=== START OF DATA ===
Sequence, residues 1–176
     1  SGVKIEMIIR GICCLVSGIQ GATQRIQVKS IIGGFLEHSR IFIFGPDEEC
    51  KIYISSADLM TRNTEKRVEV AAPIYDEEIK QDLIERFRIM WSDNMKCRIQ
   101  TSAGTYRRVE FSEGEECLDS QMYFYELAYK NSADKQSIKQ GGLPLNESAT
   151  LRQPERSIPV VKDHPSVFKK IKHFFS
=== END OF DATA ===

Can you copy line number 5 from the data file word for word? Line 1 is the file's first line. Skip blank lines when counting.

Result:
   151  LRQPERSIPV VKDHPSVFKK IKHFFS